5 Innovative Approaches To Ignite Student Voice

 

5 Innovative Approaches to Ignite Student Voice

Create a class YouTube Playlist.

YouTube

I LOVE YouTube. As a teacher this love has turned into my obsession with creating and curating YouTube playlists for my classes. YouTube lets you organize videos into themes and categories and compiles them all into one link that you can share with your students via Google Classroom or your class website. YouTube Playlists are powerful tools for igniting and supporting student voice.

I challenge my students to find videos that we can add to our class playlist and/or to share  videos that inspire or interest them. You can also feature student videos on your YouTube channel. Over the years, my YouTube Playlists continually develop and change to reflect/support not only my course content, but also the interests and learning needs of my students. As an added bonus, the students are researching and making critical choices about their selections and synthesizing their findings. If you are interested in learning how to create a YouTube playlist check out: Create & manage playlists.  

Genius Hour, 20% Time, Passion Projects – call it whatever you want – just do it .

This year I engaged in Genius Hour with my Grade 12s and Heritage Fair projects with my Grade 10s. For both projects, students create an essential question on a topic that interests them, engage in research, create a 90 second elevator pitch and create a final product and presentation they share with the class.

These projects truly ignited student voice in my classes. The students came up with topics that I never would have thought of. Also, the medium and style that they used to present their project highlighted each student’s talents and passions. One student created a website to inspire women in the arts, another tackled Islamophobia and the impact this has on her life, still another researched the history of LGBTQ rights and presented it as a spoken word winning the York Region Human Rights Award. Ultimately, these projects allowed me to learn from my students and share their passion. If you want to ignite student voice, try out Genius Hour. Be sure to check out amazing resources by: Joy Kirr, AJ Juliani and Gallit Zvi to help you get started.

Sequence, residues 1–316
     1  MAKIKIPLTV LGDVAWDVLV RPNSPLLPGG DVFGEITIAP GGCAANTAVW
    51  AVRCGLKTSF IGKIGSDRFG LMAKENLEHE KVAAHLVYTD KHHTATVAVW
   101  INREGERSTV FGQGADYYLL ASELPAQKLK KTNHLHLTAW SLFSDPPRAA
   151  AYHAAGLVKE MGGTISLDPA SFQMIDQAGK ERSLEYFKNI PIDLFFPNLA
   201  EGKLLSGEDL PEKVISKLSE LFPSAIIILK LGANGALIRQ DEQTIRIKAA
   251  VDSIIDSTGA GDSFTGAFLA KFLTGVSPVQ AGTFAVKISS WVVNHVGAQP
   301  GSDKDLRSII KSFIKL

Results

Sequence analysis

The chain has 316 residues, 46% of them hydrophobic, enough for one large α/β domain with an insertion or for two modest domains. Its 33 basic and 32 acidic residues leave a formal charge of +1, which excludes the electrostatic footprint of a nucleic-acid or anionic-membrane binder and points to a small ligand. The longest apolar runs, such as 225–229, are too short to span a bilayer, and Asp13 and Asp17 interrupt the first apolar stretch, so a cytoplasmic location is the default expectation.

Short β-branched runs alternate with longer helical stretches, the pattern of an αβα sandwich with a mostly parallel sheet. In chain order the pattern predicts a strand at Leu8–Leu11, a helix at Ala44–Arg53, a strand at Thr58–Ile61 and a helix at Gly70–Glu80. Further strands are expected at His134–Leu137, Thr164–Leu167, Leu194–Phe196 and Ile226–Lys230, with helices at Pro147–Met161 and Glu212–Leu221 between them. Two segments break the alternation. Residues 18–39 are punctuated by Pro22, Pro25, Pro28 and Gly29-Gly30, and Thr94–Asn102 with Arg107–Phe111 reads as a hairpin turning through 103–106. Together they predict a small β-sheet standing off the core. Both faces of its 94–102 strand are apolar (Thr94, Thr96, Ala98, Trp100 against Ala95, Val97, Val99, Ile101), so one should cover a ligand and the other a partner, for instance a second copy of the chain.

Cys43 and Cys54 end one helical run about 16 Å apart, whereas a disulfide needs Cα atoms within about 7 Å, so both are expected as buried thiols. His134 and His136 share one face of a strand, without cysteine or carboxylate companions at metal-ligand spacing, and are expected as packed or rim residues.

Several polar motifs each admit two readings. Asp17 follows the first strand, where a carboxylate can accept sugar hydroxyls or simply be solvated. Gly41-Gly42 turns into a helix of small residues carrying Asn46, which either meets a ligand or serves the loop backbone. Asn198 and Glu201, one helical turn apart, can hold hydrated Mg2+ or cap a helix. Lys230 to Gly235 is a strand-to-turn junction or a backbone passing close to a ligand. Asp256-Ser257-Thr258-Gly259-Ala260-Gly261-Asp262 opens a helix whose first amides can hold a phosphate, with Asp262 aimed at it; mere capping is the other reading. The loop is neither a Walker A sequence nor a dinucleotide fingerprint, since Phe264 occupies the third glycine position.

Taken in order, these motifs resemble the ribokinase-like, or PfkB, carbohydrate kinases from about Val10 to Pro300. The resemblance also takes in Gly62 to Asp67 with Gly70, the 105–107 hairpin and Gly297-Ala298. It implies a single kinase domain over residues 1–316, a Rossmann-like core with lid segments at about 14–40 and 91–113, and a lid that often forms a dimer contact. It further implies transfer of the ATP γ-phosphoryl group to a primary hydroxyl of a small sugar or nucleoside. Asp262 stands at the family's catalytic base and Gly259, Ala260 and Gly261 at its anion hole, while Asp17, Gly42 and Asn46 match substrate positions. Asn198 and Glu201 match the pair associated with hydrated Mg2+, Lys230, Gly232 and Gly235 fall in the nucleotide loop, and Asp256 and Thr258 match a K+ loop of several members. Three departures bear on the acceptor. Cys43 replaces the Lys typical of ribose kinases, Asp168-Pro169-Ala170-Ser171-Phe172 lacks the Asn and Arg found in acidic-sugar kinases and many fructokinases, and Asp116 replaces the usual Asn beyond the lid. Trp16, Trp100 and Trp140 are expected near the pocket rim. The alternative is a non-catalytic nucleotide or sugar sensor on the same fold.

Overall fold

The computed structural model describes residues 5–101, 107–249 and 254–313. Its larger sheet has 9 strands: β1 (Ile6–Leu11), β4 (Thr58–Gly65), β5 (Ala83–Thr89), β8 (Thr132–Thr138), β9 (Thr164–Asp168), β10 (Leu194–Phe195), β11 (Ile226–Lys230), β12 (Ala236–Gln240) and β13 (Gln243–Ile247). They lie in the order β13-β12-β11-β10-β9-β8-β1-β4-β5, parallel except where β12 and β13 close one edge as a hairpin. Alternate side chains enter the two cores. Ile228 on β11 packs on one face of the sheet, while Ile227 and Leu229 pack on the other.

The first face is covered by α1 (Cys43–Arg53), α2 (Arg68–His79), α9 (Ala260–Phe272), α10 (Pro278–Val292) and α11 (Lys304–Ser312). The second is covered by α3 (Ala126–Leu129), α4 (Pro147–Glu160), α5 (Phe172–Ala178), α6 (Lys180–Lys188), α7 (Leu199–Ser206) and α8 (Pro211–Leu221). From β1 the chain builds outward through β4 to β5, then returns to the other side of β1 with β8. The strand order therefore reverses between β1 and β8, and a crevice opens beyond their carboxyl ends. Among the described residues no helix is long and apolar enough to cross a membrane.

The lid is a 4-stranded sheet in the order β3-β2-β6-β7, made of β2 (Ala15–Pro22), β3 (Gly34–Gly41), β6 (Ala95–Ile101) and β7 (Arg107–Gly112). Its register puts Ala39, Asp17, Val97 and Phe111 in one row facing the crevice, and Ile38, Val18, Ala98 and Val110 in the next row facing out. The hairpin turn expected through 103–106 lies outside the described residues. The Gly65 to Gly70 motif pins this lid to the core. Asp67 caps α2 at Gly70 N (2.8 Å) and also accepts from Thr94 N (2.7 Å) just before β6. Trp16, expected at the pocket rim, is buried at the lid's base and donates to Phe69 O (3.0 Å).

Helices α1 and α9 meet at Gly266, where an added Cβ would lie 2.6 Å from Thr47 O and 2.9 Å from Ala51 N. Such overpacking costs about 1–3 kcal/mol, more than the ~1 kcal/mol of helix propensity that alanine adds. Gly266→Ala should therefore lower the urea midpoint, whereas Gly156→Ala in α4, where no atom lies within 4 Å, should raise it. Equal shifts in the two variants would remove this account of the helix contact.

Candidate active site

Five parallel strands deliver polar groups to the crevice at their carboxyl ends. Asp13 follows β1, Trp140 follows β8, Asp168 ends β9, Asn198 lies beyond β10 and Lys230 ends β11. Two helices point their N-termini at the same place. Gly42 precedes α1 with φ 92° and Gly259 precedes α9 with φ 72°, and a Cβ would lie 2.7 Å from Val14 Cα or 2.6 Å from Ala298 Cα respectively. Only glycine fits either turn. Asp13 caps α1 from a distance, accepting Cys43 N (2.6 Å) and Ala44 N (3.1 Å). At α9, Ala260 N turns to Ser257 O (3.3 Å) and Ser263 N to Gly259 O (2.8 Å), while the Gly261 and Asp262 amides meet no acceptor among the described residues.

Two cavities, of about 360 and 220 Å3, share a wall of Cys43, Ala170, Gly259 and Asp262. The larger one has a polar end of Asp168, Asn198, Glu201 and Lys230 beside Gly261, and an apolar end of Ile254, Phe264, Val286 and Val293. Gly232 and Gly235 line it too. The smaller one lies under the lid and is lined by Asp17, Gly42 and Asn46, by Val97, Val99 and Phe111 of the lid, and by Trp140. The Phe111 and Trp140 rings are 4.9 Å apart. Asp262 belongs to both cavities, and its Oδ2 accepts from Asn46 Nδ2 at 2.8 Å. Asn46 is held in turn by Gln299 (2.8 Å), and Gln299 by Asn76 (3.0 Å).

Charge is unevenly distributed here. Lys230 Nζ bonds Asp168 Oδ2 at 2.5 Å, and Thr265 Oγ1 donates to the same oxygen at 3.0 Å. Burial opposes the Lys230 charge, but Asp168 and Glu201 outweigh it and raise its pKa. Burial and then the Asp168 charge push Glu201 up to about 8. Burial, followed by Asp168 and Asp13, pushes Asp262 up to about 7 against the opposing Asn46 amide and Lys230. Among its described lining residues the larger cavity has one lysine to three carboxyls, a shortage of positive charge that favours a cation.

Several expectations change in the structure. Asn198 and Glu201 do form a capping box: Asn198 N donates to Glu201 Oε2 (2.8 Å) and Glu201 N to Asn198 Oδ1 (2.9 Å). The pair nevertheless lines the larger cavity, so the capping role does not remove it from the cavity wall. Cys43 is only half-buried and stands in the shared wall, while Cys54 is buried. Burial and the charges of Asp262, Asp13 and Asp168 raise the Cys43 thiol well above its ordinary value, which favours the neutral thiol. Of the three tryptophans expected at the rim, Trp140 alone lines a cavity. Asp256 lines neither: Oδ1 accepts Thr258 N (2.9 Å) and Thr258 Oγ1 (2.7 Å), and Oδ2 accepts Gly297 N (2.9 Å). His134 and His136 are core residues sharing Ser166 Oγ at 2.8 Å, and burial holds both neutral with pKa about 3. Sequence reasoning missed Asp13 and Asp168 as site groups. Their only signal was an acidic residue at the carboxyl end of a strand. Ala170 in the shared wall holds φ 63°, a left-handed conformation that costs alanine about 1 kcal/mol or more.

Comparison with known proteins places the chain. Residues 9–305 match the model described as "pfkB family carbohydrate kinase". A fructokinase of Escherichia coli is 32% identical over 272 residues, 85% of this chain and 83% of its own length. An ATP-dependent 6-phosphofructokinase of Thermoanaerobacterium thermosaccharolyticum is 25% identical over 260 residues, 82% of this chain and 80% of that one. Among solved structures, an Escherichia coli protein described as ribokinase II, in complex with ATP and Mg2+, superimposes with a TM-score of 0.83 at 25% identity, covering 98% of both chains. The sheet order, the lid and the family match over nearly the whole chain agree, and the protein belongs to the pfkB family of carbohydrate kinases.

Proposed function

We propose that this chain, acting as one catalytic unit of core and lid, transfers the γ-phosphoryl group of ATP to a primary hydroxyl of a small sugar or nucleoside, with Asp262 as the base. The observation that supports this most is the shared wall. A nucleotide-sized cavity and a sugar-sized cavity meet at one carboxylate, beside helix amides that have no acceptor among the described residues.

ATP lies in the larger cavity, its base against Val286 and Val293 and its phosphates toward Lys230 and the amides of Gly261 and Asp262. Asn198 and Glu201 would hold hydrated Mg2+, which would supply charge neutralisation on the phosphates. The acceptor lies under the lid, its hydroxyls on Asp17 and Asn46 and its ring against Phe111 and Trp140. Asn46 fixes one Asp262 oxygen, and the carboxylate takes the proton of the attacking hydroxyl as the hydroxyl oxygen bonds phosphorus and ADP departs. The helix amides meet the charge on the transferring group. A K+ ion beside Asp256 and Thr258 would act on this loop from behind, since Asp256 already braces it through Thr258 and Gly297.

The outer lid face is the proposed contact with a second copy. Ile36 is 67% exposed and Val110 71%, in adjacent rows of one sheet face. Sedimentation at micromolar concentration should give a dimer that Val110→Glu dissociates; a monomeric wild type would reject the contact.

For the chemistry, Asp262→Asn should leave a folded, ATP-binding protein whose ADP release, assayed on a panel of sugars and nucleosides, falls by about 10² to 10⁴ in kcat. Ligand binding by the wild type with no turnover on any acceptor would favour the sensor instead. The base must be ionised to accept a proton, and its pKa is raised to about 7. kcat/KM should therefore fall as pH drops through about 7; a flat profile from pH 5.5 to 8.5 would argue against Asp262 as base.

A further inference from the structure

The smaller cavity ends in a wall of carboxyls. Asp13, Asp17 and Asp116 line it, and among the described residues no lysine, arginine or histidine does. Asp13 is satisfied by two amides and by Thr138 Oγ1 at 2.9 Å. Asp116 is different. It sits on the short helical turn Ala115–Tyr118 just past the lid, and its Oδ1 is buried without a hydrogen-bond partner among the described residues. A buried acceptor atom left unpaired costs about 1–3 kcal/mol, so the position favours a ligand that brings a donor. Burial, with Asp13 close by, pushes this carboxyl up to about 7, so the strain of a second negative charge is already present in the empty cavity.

Have Difficult Conversations

Too often in our classes, we avoid ‘controversial’ topics.  Rather than avoidance, it is our job to equip and support students with the tools to discuss these topics. Two tools that I use are this Google slides presentation I created: Difficult Conversations and this comic by the Oatmeal You’re not going to believe what I have to tell you that looks at the brain research behind why we have visceral reactions to controversial issues. In today’s world, it is so important that we equip our students with the tools they need to critically think and openly discuss their viewpoints and beliefs.

Value & Incorporate Student Interests  

Many of my students are interested in video games. One student told me that I could teach most of our unit on Ancient Greece through the video game Civilizations. At the time, I wasn’t familiar with the game. I asked the student if he could bring in the game, show it to us and explain how I could incorporate it into my teaching. He came back with one of the most engaging and thoroughly prepared history lessons I have ever experienced, and I left hooked on the game as well as his ideas. (P.S. There is a Civilizations Edu version coming out in the fall, so he was clearly a visionary ahead of his time).

Basically, as educators we need to step back and let our students share their interests, value them and look for ways that we can incorporate them into our teaching. If we want our students to have a voice in our classroom their passions need to be reflected in the learning environment and the pedagogical choices that we make.